The most controversial trends in spine from 10 surgeons

Alan Condon -   Print  | Email

From artificial discs to stem cells and complex deformity surgery, 10 surgeons discuss some of the most controversial trends in spine today.

Ask Spine Surgeons is a weekly series of questions posed to spine surgeons around the country about clinical, business and policy issues affecting spine care. We invite all spine surgeon and specialist responses.

Next week's question: Now that the election has passed, what are your hopes for the next four years?

Please send responses to Alan Condon at acondon@beckershealthcare.com by 5 p.m. CST Wednesday, Nov. 18.

Note: The following responses were lightly edited for style and clarity.

Question: What is the most controversial trend in spine today?

Alexander Vaccaro, MD, PhD, and Bryce Basques, MD. Rothman Orthopaedic Institute (Philadelphia): The most controversial trend I see in spine surgery is the development of "solutions looking for problems" by the device industry. The core fundamentals of good spine care have remained the same for years, yet there continues to be massive investment and marketing in various spinal technologies that seem to fill a void in untapped intellectual property voids, rather than a demand by patient needs. 

Today, robotics and various minimally invasive techniques have high potential, yet I would caution surgeons, especially those early in practice, from broadly adopting these techniques without scrutiny. Especially in saturated markets, spine surgeons may think that these newer technologies are an opportunity to differentiate or market themselves. However, if adoption of these techniques leads to inefficiency, complications and poor outcomes, your reputation will suffer and any potential marketing benefit will be lost. In the current financial climate, surgeons will be expected to justify the cost of this technology to payers as well. I would encourage surgeons to be highly discerning in the technologies or advancements they adopt and pursue patient care avenues that demonstrate high value.

Neel Shah, MD. DISC Sports & Spine Center (Newport Beach, Calif.): One controversial trend in spine is the evidence of more and more invasive procedures, such as endoscopic discectomies or placement of paddle leads for spinal cord stimulators, being undertaken by interventional specialists. This becomes dangerous when these providers cannot adequately address complications that may arise from such procedures. It is especially concerning when invasive procedures are being done within the spinal canal, where they can cause disastrous complications without the right precautions.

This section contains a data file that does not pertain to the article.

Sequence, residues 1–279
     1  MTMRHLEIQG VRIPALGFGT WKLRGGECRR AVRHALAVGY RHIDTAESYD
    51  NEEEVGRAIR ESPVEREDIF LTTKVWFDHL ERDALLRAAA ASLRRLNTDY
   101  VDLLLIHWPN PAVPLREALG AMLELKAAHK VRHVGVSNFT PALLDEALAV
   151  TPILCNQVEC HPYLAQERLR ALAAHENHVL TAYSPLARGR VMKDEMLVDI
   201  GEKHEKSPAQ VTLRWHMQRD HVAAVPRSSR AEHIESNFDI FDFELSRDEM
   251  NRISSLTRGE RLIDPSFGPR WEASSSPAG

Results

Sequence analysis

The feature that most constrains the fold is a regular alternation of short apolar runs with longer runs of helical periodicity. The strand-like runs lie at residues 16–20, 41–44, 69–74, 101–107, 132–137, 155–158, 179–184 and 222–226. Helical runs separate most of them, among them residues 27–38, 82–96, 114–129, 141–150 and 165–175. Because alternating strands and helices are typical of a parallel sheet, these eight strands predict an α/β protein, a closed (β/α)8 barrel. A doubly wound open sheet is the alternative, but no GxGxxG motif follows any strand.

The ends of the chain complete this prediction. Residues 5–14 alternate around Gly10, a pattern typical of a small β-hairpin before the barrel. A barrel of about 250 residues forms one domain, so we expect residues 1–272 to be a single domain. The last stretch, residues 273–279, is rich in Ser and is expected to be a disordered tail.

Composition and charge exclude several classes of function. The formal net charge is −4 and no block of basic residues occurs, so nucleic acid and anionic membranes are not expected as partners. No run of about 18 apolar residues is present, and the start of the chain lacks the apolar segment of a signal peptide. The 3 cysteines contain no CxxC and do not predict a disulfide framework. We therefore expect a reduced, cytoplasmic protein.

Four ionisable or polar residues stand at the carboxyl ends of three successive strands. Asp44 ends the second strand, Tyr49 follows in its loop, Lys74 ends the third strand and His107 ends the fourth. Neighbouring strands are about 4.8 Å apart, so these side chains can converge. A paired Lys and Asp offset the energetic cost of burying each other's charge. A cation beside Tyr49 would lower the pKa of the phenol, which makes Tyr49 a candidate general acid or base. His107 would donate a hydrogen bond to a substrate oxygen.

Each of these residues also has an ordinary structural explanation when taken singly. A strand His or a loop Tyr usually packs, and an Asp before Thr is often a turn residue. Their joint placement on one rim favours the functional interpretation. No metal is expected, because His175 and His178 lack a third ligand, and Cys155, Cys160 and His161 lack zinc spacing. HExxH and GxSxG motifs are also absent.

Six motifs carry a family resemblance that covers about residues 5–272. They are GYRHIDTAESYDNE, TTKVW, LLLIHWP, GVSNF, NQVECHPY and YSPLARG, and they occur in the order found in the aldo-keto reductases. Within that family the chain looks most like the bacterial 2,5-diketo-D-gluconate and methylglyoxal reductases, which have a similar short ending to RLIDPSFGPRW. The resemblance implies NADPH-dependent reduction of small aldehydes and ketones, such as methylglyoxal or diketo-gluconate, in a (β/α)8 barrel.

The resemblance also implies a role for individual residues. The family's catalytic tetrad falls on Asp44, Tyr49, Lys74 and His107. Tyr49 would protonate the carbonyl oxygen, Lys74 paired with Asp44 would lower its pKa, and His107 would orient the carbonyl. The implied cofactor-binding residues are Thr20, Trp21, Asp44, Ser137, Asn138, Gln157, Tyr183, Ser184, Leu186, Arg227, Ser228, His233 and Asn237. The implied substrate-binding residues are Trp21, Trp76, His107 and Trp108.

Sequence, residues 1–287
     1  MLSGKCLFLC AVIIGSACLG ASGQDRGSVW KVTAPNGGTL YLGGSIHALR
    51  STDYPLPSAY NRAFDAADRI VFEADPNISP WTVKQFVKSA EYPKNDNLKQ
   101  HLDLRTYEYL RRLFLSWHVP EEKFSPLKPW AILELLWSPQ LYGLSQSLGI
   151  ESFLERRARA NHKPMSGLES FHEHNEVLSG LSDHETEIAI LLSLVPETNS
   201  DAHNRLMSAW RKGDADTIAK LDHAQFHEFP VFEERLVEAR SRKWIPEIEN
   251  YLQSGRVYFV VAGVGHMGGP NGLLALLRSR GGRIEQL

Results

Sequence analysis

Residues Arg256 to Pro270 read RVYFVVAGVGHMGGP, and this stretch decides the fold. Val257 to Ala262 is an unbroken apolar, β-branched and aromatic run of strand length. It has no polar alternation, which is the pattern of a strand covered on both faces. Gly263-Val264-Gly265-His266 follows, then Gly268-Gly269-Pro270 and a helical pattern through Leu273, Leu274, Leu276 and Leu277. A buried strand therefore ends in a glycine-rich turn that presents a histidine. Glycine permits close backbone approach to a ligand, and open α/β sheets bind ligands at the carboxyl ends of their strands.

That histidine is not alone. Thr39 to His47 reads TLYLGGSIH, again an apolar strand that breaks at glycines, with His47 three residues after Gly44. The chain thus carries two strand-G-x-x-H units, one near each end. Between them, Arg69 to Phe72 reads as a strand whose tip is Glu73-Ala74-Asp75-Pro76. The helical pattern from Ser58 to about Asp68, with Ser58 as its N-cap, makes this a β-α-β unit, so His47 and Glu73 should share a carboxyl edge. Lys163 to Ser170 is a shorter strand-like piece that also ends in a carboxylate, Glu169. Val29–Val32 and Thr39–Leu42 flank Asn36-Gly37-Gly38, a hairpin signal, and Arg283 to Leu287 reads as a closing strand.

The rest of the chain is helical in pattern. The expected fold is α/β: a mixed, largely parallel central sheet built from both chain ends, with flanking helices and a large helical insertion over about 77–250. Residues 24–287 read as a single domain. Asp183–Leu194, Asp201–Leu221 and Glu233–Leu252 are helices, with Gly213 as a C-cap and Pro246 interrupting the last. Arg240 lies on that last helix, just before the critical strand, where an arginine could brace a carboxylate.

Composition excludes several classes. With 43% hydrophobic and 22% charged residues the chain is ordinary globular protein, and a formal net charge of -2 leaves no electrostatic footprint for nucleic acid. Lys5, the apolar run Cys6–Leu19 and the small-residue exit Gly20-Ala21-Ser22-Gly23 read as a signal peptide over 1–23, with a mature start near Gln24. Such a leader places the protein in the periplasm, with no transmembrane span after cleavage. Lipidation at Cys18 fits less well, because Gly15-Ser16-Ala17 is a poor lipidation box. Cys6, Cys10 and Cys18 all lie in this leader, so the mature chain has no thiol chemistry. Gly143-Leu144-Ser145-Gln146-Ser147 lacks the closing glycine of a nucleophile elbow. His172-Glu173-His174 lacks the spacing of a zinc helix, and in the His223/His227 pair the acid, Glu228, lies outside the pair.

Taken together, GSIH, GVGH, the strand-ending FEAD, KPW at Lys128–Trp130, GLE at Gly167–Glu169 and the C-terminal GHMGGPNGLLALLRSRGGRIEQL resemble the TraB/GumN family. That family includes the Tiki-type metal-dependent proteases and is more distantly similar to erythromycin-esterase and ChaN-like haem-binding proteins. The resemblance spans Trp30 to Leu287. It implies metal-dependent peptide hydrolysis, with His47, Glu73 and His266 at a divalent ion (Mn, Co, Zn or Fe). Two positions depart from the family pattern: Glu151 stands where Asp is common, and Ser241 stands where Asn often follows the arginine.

Christian Zimmerman, MD. Saint Alphonsus Medical Group and SAHS Neuroscience Institute (Boise, Idaho): As a regional referral center for complex spinal disorders, our practice has witnessed many more minimally invasive spine surgery cases. Albeit, the conceptions and training emphasis of these surgeries varies among programs and individuals, motives and intent are ill-defined and usually cost expansive. Invariably, the decompressive component of the surgery is lacking/not achieved and nonunions are convention. Corrective surgical methods are usually much more involved because of lateral instrumentation and protracted in recovery.   

Hamid Abbasi, MD. PhD. Inspired Spine (Burnsville, Minn.): The artificial disc, as well as unjustly applying the deformity parameter to degenerative spine disease.

Todd Lanman, MD. Lanman Spinal Neurosurgery (Beverly Hills, Calif.): Oddly, it still remains relatively controversial — placing artificial discs, multilevels or adjacent to fusions, and certainly reversing fusions, as off-label indications. I find this odd in the sense that hybrid surgeries, or combinations of artificial discs with fusions, have such a huge body of published experience throughout the world that shows superiority, or at least equivalency, to fusion, while maintaining normal motion of the spine.